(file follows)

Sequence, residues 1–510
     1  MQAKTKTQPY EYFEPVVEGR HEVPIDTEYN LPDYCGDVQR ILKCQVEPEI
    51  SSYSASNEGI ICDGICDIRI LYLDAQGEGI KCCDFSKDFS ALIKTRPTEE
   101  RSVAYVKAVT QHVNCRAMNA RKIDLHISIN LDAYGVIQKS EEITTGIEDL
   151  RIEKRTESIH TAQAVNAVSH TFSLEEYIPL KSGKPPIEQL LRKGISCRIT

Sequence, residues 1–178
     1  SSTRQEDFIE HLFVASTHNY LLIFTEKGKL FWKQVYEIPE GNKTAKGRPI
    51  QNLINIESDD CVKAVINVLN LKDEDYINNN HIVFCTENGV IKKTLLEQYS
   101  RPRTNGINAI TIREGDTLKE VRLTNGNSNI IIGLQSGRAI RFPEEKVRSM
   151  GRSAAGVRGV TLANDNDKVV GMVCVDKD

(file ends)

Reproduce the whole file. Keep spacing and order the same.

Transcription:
Sequence, residues 1–510
     1  MQAKTKTQPY EYFEPVVEGR HEVPIDTEYN LPDYCGDVQR ILKCQVEPEI
    51  SSYSASNEGI ICDGICDIRI LYLDAQGEGI KCCDFSKDFS ALIKTRPTEE
   101  RSVAYVKAVT QHVNCRAMNA RKIDLHISIN LDAYGVIQKS EEITTGIEDL
   151  RIEKRTESIH TAQAVNAVSH TFSLEEYIPL KSGKPPIEQL LRKGISCRIT

Sequence, residues 1–178
     1  SSTRQEDFIE HLFVASTHNY LLIFTEKGKL FWKQVYEIPE GNKTAKGRPI
    51  QNLINIESDD CVKAVINVLN LKDEDYINNN HIVFCTENGV IKKTLLEQYS
   101  RPRTNGINAI TIREGDTLKE VRLTNGNSNI IIGLQSGRAI RFPEEKVRSM
   151  GRSAAGVRGV TLANDNDKVV GMVCVDKD